100-Year-Old Purdue Extension Service Continues to Provide Community Resources100-Year-Old Purdue Extension Service Continues to Provide Community Resources
Purdue Extension educators have information and research at their fingertips to answer pressing questions from the community on health, food safety, horticulture and more
November 28, 2014
By Stephanie Camden
"I have the opportunity to work with people from all walks of life and to teach them life lessons along the way," says Stephanie Faroh, a Purdue Extension health and human science educator. "A career with Extension means you are a part of a large family and community-oriented team who shares research and knowledge to better our lives."
The Smith-Lever Act of 1914 began a system of cooperative extension services that partnered up with the U.S. Department of Agriculture and the land-grant universities in each state. This federal law is a link for research to be given to the people from the universities through the use of Extension Educators in each county across the nation.
Food safety: Extension educators today help people learn how to fix and serve food that is safe and nutrition.
Early on, Purdue University offered a "ride and learn" opportunity that allowed individuals to hear Educators talk about proper ways to grow and preserve foods, as well as food safety while riding a train across communities in Indiana. Things that were being taught back then by Educators are still being incorporated today in the lessons and programs the Extension services offer.
There are four main areas that comprise the Purdue University Cooperative Extension Service program: Agriculture and Natural Resources, Health and Human Sciences, Economic and Community Development, and 4-H Youth Development.
These services provide practical information and expertise to their local communities in many different forms.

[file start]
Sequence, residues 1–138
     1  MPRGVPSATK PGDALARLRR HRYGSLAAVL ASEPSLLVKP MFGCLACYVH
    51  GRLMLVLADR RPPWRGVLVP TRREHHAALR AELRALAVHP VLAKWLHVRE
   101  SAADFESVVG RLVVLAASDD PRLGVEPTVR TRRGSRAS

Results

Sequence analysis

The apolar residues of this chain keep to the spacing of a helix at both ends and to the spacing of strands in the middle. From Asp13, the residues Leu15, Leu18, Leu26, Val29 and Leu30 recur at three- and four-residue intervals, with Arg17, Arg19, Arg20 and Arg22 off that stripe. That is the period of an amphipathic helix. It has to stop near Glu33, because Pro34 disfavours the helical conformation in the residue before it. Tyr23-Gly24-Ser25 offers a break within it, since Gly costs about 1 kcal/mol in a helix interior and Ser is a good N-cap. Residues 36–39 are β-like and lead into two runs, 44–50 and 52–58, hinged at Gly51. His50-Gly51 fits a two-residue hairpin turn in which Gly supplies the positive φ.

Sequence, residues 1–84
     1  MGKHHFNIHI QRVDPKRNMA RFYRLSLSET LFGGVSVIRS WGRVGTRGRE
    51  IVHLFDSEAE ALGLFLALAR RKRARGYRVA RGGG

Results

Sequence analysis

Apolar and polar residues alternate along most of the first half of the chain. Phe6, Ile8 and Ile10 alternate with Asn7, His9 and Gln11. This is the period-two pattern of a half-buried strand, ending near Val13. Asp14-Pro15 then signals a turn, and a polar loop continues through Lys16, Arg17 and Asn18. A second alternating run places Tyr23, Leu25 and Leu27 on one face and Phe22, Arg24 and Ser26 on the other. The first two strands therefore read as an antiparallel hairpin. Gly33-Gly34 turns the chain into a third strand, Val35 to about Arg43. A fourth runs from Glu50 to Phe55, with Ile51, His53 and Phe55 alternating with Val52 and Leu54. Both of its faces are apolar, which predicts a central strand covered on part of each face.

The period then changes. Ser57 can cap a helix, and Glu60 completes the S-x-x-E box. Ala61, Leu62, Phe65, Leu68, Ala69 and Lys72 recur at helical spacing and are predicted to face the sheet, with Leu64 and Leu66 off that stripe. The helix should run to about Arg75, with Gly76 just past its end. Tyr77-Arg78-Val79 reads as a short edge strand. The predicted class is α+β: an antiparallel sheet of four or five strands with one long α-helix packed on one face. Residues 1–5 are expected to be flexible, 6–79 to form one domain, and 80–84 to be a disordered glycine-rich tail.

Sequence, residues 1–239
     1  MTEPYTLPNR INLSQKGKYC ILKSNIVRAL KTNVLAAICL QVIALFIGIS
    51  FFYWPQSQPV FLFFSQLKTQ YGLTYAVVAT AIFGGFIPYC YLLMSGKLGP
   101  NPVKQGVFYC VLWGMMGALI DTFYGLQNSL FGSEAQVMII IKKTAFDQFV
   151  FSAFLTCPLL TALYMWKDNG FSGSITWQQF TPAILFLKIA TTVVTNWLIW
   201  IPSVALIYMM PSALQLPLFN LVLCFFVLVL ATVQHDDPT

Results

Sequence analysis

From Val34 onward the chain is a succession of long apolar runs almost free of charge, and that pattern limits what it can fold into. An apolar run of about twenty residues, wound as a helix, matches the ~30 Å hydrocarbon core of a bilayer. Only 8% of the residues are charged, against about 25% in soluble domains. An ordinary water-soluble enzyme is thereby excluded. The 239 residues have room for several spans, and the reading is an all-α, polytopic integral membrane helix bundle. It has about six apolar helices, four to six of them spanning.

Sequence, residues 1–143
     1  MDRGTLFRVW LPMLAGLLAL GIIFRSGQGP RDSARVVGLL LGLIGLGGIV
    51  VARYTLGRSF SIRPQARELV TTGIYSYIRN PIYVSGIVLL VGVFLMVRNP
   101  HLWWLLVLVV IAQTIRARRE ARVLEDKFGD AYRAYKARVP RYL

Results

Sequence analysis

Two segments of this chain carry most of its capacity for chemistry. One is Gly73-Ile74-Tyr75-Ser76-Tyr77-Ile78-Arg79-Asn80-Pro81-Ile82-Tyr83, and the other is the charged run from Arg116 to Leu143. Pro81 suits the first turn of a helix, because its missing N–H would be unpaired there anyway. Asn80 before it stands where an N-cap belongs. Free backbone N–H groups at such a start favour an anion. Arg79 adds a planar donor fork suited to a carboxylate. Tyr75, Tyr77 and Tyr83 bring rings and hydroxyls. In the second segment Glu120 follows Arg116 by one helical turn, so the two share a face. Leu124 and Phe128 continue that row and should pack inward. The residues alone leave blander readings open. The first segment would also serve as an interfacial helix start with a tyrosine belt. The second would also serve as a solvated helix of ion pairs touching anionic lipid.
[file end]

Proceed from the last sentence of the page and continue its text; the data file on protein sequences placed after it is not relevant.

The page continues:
Faroh, the HHS educator from Kosciusko County, is busy throughout the year bringing relevant, researched-based information regarding health, foods and nutrition, family resource management and human development to her community. She provides the information through lessons, classes, written articles, radio and television spots, and by answering community questions.
"HHS educators also help to oversee the Nutrition Education Program in many counties, which is funded by the Supplemental Nutrition Assistance Program-Education," Faroh mentions. The Nutrition Education Programs increase the ability of individuals and families with limited resources to utilize their food dollars and food stamps appropriately.
Many HHS Educators work closely with the different health coalitions in their communities. "By creating and maintaining these networks in their communities, educators can reach many more members of their community and be sure to share their knowledge and skills with those who need it," Faroh says.
Agriculture and Natural Resources Educator Bryan Overstreet from Jasper County helps his county by hosting trainings for farm groups, specifically farm lease programs. He also teaches youth about gardening and how to grow their own gardens.
Weed management is especially important with ANR Educators as they need to help identify and explain ways to control the weed problems impacting farms and gardens in the county.
Educators have teams of specialists and educators who can provide research-based and unbiased answers to questions. Having the knowledge and resources of Purdue University at their fingertips, as well as knowing the local issues, Extension Educators can be an asset to counties across the U.S.
Camden is a senior in Ag Communications at Purdue University
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